The land in question was conveyed to John A. Bowman as trustee by deed recorded in May, 1907. He died in February, 1908. The declaration of trust provided that, in case of the death of the trustee, his successor might be appointed by the judge of the Probate Court for the county where the land was situated. In accordance with this provision, George M. Glazier was appointed trustee in October, 1908. He died in February, 1914, and the present plaintiff was appointed trustee by two shareholders in the
trust holding not less than a majority of the shares, which was another method for filling a vacancy in the position of trustee provided by the declaration of trust. This declaration of trust was recorded in the registry of deeds for the county where the land was situated.
Although the declaration of trust was not referred to specifically in the deed by which the land was conveyed to John A. Bowman, yet that deed recited the consideration as "paid by John A. Bowman . . . as he is Trustee of a voluntary association known as the Oakland Park Land Company," and the grant was "unto the said John A. Bowman, Trustee," and the habendum "to the said John A. Bowman, Trustee, and his successors theirs and assigns." Although the conveyance is not expressed with accuracy, yet its intent is not difficult to discover. It disclosed the payment of the consideration by Bowman as trustee for the Oakland Park Land Company. That fact would be enough to raise a resulting trust in favor of the one paying the consideration, even though the conveyance had been to Bowman alone. Howe v. Howe, 199 Mass. 598 . But the grantee named is "John A. Bowman, Trustee." This in connection with the rest of the deed shows that the conveyance was intended to be to Bowman in his capacity as trustee of the association. It is enough to disclose a design to bring it under the operation of the declaration of trust. Byam v. Bickford, 140 Mass. 31 . The effectuation of this intent is not inconsistent with any rule of law or incompatible with the terms of the grant. Simonds v. Simonds, 199 Mass. 552 , 554.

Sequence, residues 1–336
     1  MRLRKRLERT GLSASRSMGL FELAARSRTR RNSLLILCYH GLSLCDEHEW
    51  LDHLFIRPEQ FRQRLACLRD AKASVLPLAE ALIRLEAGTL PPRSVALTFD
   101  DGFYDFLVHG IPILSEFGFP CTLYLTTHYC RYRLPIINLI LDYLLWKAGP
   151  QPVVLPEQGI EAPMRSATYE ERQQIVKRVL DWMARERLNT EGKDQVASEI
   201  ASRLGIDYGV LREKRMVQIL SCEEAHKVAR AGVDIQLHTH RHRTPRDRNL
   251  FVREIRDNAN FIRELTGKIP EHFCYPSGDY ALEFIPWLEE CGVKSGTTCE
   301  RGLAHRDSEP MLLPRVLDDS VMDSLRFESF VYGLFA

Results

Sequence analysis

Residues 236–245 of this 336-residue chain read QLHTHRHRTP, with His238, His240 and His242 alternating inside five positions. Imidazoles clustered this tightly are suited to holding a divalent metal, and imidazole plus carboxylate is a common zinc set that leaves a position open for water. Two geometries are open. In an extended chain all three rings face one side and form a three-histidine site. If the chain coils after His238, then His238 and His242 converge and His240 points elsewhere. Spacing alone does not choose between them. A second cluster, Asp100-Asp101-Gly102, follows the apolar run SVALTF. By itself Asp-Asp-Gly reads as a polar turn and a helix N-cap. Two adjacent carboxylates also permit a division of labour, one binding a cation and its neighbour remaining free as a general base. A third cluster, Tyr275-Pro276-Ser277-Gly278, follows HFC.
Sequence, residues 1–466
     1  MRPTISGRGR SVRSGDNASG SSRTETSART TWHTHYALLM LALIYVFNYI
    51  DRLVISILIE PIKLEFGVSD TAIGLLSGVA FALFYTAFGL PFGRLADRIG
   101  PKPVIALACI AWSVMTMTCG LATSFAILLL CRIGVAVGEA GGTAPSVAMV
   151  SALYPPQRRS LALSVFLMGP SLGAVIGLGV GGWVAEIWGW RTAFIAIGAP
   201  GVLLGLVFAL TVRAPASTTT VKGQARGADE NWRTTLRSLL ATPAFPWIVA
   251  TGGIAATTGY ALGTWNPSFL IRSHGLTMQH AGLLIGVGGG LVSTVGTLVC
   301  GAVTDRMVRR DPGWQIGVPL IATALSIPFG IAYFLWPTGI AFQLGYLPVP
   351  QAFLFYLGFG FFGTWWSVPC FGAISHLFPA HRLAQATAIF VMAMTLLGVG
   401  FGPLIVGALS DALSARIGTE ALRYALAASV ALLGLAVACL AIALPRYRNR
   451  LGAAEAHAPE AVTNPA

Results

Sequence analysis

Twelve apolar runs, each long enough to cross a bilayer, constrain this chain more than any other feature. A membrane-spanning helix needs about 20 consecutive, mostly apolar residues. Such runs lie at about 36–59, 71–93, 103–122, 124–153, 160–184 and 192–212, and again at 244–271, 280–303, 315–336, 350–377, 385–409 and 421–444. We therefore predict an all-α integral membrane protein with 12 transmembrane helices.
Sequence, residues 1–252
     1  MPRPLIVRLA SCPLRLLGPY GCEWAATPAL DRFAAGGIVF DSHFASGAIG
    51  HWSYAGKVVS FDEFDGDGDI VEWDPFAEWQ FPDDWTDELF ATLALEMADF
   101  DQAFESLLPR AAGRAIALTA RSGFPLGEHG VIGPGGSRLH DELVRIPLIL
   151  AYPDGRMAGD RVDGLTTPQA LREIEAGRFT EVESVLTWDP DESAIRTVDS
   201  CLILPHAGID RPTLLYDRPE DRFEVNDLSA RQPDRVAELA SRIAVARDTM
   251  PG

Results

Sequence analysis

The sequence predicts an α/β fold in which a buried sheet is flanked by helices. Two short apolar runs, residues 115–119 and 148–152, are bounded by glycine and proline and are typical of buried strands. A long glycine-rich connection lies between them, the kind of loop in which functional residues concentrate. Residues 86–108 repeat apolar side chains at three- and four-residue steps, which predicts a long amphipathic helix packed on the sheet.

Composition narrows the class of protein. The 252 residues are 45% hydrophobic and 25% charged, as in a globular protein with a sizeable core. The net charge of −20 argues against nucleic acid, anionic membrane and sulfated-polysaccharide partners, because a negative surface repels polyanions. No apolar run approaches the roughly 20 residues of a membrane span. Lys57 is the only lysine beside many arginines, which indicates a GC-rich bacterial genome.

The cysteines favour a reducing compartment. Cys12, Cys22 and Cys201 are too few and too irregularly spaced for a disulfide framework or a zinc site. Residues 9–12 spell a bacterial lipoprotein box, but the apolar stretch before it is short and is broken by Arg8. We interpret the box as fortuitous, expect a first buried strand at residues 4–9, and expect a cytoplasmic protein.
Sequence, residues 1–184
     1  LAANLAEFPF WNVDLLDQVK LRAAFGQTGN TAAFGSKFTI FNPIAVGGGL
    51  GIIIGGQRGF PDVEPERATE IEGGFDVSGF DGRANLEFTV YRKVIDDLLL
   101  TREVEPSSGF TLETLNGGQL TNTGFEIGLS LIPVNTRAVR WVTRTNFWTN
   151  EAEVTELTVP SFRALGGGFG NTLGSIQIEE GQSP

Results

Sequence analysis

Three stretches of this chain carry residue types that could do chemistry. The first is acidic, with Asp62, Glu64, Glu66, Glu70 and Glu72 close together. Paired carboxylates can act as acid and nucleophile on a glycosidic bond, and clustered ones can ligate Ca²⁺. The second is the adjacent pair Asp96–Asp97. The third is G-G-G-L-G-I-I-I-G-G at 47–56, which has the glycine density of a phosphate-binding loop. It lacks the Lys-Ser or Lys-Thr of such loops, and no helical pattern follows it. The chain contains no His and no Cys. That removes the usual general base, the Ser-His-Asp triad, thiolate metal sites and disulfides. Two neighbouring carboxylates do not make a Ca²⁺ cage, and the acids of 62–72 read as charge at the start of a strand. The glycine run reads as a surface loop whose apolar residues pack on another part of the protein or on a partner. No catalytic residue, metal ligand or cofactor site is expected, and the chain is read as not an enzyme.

The title to the land vested in Bowman as trustee. At common law the appointment of new trustees in succession by the parties (not in execution of a special power), did not vest the title in the new trustees without conveyance. Peabody v. Eastern Methodist Society in Lynn, 5 Allen 540 . It was said by Wells, J., in National Webster Bank v. Eldridge, 115 Mass. 424 , 428, that "The appointment of the trustees not having been made under the authority of the statute, it would follow . . . that the provisions of the Gen. Sts. c. 100, § 9, would not operate to vest the title in them." That decision was rendered in 1874. The difficulty there pointed out was remedied by St. 1878, c. 254, whereby it was provided that the title to property held by trustees should vest in their successors "chosen or appointed in conformity to any
written instrument creating a trust, in place of former trustees, thereunder." This statute is embodied in effect in R. L. c. 147, § 6. It follows that the title to the land in question, having vested in Bowman as trustee, devolved upon his successors in turn, appointed according to the terms of the declaration of trust, without special conveyance. Parker v. Converse, 5 Gray 336 . Nugent v. Cloon, 117 Mass. 219 , 221. Sells v. Delgado, 186 Mass. 25 , 29. The plaintiff is therefore the proper person to bring a petition to redeem. He took the title to the trust property by selection and acceptance, which was the only qualification required by the trust. Bisbee v. Mackay, 215 Mass. 21 , 23.